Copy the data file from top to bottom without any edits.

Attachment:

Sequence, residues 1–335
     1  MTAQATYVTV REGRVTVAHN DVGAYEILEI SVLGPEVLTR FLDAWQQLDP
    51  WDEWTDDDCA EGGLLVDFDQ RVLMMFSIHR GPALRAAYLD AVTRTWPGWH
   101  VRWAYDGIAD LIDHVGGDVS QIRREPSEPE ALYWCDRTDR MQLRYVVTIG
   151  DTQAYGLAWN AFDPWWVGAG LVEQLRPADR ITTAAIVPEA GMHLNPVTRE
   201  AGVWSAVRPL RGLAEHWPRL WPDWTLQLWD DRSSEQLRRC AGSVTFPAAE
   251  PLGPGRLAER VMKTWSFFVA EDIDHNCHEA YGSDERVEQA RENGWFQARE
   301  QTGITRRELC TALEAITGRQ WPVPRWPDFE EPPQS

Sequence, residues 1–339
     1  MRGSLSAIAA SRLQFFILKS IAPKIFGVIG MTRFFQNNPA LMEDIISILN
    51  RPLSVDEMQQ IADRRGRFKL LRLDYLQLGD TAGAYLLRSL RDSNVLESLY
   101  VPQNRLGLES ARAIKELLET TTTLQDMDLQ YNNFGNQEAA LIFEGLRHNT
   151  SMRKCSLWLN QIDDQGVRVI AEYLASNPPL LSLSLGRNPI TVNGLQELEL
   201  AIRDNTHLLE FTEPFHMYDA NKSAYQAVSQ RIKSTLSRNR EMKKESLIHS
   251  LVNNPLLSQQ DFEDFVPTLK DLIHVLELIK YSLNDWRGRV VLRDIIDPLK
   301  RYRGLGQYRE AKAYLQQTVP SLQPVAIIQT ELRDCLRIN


Sequence, residues 1–335
     1  MTAQATYVTV REGRVTVAHN DVGAYEILEI SVLGPEVLTR FLDAWQQLDP
    51  WDEWTDDDCA EGGLLVDFDQ RVLMMFSIHR GPALRAAYLD AVTRTWPGWH
   101  VRWAYDGIAD LIDHVGGDVS QIRREPSEPE ALYWCDRTDR MQLRYVVTIG
   151  DTQAYGLAWN AFDPWWVGAG LVEQLRPADR ITTAAIVPEA GMHLNPVTRE
   201  AGVWSAVRPL RGLAEHWPRL WPDWTLQLWD DRSSEQLRRC AGSVTFPAAE
   251  PLGPGRLAER VMKTWSFFVA EDIDHNCHEA YGSDERVEQA RENGWFQARE
   301  QTGITRRELC TALEAITGRQ WPVPRWPDFE EPPQS

Sequence, residues 1–339
     1  MRGSLSAIAA SRLQFFILKS IAPKIFGVIG MTRFFQNNPA LMEDIISILN
    51  RPLSVDEMQQ IADRRGRFKL LRLDYLQLGD TAGAYLLRSL RDSNVLESLY
   101  VPQNRLGLES ARAIKELLET TTTLQDMDLQ YNNFGNQEAA LIFEGLRHNT
   151  SMRKCSLWLN QIDDQGVRVI AEYLASNPPL LSLSLGRNPI TVNGLQELEL
   201  AIRDNTHLLE FTEPFHMYDA NKSAYQAVSQ RIKSTLSRNR EMKKESLIHS
   251  LVNNPLLSQQ DFEDFVPTLK DLIHVLELIK YSLNDWRGRV VLRDIIDPLK
   301  RYRGLGQYRE AKAYLQQTVP SLQPVAIIQT ELRDCLRIN